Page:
Alabama’s Nick Saban chasing Bear Bryant’s legacy, achievements
TUSCALOOSA, Ala. — Bobby Bowden never thought he’d see the day when someone would challenge Bear Bryant as Alabama’s greatest coach.
But it’s happened. Nick Saban has bellied up to the Bear with one of the best runs in major college football history, and he’s already passed the rest of his predecessors in the category that turns coaching greats into coaching legends.
Saban’s latest Crimson Tide team seems ready-made to challenge for the sixth national title of his career, which would match Bryant’s longstanding record. The once-nomadic coach enters his 10th season in Tuscaloosa fresh off claiming No. 4 in seven years.
As the Bear might say of his successor, he “ain’t nothin’ but a winner.” Like Muhammed Ali in boxing, it had long seemed there could only be one Greatest at ‘Bama.
“Never thought it could happen,” said Bowden, a Birmingham native who was coaching at Howard (now Samford) when Bryant hit his stride at Alabama starting in the late 1950s. “Gosh, it’s like lightning striking twice in the same place, which they say it doesn’t do. For him to come in there and do what he does, and now they’re comparing who’s the greatest. Who would have thought that 20 years ago?”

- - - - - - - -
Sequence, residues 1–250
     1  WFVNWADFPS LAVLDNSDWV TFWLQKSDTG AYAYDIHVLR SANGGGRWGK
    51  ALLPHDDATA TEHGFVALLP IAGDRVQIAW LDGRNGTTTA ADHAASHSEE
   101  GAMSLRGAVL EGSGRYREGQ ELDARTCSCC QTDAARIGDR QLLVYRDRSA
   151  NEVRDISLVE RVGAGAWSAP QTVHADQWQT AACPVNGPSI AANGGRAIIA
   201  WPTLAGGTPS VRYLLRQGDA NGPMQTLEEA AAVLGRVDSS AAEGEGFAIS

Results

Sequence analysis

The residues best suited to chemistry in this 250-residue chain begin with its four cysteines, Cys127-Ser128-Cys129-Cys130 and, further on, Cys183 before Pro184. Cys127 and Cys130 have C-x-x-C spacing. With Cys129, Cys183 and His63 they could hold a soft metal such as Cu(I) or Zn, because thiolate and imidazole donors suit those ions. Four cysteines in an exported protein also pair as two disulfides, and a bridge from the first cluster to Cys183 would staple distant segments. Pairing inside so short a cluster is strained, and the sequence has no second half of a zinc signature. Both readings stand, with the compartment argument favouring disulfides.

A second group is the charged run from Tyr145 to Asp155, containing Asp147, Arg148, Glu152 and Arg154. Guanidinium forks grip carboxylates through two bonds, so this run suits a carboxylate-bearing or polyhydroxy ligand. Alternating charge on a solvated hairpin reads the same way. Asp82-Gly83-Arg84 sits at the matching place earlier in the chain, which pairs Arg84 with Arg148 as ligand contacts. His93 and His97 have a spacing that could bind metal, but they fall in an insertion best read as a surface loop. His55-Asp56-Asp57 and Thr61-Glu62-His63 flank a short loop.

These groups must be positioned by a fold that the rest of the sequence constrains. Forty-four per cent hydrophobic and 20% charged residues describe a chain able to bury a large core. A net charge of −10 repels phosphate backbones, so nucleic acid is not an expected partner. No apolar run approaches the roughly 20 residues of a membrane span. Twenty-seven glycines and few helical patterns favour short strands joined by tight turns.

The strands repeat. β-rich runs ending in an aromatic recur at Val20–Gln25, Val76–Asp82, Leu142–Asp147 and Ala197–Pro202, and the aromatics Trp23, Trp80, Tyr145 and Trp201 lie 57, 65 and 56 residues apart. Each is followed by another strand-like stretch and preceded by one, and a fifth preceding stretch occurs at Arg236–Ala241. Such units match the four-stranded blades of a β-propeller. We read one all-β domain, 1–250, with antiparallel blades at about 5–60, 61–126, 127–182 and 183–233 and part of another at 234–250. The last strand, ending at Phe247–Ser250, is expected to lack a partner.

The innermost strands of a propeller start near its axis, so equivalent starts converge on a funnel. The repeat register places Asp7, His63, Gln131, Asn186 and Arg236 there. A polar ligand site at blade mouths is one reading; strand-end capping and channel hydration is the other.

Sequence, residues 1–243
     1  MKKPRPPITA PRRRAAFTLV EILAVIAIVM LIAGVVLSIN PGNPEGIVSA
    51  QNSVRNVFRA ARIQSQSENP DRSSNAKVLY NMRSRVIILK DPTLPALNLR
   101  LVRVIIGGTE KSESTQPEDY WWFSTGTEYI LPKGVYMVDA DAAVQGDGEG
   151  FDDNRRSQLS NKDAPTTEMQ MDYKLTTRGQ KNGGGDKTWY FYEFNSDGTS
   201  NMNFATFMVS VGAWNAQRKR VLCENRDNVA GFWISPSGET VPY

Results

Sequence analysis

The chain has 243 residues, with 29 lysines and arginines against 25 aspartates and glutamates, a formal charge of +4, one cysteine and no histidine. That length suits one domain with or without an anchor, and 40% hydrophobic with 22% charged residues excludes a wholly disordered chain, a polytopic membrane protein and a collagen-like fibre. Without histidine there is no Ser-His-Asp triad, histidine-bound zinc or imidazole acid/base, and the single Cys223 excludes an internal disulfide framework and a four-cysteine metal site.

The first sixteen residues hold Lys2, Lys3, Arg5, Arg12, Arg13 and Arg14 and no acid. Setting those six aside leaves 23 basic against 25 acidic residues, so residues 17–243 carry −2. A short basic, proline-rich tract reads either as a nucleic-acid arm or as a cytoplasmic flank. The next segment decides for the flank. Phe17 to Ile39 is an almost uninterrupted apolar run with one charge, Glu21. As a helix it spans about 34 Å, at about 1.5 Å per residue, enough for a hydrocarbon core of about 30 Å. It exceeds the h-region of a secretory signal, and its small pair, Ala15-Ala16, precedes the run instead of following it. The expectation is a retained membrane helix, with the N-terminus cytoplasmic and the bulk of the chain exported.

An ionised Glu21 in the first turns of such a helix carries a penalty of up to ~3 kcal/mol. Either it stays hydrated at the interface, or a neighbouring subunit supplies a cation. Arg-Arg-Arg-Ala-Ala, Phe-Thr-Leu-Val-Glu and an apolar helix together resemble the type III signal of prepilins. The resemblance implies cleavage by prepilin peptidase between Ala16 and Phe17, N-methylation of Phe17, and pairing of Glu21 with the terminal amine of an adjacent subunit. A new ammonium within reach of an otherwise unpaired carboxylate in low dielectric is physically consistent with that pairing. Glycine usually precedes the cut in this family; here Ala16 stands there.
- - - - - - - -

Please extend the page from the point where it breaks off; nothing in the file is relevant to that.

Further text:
Twenty years ago, Saban was having his second straight six-win season at Michigan State. Alabama was in the final season of Gene Stallings’ tenure, easily the most successful of the seven head coaches bridging the Bryant and Saban eras. (Mike Price was fired without coaching a game).
Saban, who also won a championship at LSU, has gone 98-12 over the past eight seasons. Notre Dame’s Frank Leahy and Southern California’s John McKay join Bryant and Saban as the only coaches with at least four national championships in The Associated Press poll era, dating to 1936. Leahy also won his four titles in a seven-year span but he didn’t actually coach in 1944 or 1945 because of World War II.
Then there was Bowden, who had a run of 14 consecutive top-5 finishes at Florida State. Who knows if Saban will stick around long enough to match that, but he’s been nearly unbeatable with a title on the line. He’s 11-1 in conference or national championship games, with the only loss coming to eventual national champ Florida in the 2008 SEC title tilt his second year at Alabama.
“There were runs something like this, but this may be the best of all of them so far in the history of foot ball,” Bowden said.